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Ann Med. 2003;35(1):51-62.

Effectiveness of physiotherapy for lateral epicondylitis: a systematic review.

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  • 1Institute for Research in Extramural Medicine, VU University Medical Center, Amsterdam, The Netherlands. n.smidt.emgo@med.vu.nl

Abstract

AIM:

To evaluate the available evidence of the effectiveness of physiotherapy for lateral epicondylitis of the elbow.

METHOD:

Randomised controlled trials (RCTs) identified by a highly sensitive search strategy in six databases in combination with reference checking. Two independent reviewers selected RCTs that included a physiotherapy intervention, patients with lateral epicondylitis, and at least one clinically relevant outcome measure. No language restrictions were made. Methodological quality was independently assessed by two blinded reviewers. A best evidence synthesis, including a quantitative and qualitative analysis, was conducted, weighting the studies with respect to their internal validity, statistical significance, clinical relevance, and statistical power.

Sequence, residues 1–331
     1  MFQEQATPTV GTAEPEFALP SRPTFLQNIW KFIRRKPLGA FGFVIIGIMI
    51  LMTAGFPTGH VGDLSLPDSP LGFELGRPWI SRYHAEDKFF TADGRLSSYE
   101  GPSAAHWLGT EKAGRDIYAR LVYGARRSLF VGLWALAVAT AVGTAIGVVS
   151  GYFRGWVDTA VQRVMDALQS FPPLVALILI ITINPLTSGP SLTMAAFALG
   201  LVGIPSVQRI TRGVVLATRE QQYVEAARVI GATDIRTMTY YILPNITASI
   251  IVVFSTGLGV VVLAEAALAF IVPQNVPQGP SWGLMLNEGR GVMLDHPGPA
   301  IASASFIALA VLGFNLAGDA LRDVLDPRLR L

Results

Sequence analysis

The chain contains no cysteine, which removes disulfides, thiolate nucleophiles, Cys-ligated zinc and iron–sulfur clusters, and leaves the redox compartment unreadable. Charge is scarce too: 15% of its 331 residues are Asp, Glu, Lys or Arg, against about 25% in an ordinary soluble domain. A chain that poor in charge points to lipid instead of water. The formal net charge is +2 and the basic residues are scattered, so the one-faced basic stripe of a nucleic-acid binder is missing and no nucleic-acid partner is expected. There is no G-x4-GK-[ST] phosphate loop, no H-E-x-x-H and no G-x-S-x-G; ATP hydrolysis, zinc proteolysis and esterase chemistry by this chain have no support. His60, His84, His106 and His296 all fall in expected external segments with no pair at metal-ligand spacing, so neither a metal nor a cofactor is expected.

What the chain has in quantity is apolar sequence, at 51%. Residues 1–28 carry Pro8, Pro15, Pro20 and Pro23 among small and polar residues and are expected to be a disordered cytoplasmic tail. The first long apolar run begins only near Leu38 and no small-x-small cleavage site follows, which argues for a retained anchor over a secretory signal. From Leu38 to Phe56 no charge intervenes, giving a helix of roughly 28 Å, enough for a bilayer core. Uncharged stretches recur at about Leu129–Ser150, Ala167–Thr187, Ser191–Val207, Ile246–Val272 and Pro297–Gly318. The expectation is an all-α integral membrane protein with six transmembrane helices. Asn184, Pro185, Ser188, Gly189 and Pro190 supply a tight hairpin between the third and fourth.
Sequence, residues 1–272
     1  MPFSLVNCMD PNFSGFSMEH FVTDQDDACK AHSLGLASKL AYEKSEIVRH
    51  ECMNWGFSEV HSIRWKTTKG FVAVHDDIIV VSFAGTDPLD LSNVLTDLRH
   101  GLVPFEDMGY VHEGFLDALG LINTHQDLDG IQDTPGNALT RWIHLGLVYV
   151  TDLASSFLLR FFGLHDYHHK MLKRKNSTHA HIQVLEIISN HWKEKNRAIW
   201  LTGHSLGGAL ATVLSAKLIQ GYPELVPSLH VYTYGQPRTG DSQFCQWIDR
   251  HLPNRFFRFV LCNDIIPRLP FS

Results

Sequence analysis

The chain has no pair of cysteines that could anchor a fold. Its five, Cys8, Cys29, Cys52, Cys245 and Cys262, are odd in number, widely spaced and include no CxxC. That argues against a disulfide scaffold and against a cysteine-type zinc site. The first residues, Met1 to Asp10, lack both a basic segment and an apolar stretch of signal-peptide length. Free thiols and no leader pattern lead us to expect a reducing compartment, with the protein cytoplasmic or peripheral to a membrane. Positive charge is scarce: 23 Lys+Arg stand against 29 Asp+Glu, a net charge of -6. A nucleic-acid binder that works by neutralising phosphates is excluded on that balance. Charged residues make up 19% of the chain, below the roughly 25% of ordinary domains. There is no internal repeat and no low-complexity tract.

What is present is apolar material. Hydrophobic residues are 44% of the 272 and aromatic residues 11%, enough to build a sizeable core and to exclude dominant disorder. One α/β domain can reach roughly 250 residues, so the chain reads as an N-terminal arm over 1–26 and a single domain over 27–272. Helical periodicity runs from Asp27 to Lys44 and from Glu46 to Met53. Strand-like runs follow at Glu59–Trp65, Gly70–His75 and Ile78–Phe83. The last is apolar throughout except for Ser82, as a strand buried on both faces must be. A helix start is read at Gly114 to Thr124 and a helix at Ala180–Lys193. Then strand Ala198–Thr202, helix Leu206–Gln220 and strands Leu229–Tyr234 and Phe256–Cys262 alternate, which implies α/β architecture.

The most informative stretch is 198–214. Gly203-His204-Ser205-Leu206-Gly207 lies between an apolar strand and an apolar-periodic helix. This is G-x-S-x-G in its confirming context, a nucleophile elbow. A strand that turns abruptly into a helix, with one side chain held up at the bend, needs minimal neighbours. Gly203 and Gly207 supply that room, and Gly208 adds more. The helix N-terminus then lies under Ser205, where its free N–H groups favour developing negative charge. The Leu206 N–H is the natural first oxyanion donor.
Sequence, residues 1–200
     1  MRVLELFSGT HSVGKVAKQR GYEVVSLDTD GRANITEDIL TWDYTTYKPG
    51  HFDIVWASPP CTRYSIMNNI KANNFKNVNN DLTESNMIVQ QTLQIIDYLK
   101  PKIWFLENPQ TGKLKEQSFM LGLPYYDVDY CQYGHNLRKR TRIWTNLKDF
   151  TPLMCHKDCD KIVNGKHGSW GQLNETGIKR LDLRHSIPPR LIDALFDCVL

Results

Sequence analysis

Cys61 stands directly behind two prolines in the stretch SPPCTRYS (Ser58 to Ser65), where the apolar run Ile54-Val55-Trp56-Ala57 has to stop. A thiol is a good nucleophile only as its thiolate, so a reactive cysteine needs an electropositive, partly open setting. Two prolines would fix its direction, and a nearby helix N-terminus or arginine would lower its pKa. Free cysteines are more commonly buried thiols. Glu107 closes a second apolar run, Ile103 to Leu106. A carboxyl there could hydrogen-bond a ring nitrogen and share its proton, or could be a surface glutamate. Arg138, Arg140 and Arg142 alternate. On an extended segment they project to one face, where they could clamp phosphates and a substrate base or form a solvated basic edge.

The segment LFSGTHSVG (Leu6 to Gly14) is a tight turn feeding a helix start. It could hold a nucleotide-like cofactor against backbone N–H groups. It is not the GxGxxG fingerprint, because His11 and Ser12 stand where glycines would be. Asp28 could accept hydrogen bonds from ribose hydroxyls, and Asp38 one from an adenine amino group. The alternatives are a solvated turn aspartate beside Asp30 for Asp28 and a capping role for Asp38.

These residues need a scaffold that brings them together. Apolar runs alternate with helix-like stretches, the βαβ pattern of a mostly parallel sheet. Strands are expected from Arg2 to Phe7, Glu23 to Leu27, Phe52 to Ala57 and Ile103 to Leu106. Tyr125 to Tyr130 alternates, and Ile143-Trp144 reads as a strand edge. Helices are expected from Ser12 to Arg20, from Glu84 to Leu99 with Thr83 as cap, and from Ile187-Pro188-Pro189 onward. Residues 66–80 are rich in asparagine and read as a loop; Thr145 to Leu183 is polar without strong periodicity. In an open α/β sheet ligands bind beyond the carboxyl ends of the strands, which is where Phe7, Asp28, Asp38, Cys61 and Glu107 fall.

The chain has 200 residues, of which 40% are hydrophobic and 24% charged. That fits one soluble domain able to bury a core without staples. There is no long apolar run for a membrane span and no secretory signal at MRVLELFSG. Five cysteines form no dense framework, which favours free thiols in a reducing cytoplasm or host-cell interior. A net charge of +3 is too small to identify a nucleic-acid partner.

RESULTS:

23 RCTs were included in the review, evaluating the effects of lasertherapy, ultrasound treatment, electrotherapy, and exercises and mobilisation techniques. Fourteen studies satisfied at least 50% of the internal validity criteria. Except for ultrasound, pooling of data from RCTs was not possible because of insufficient data, or clinical or statistical heterogeneity. The pooled estimate of the treatment effects of two studies on ultrasound compared to placebo ultrasound, showed statistically significant and clinically relevant differences in favour of ultrasound. There is insufficient evidence either to demonstrate benefit or lack of effect of lasertherapy, electrotherapy, exercises and mobilisation techniques for lateral epicondylitis.

CONCLUSIONS:

Despite the large number of studies, there is still insufficient evidence for most physiotherapy interventions for lateral epicondylitis due to contradicting results, insufficient power, and the low number of studies per intervention. Only for ultrasound, weak evidence for efficacy was found. More better designed, conducted and reported RCTs are needed.

PMID:
12693613
[PubMed - indexed for MEDLINE]
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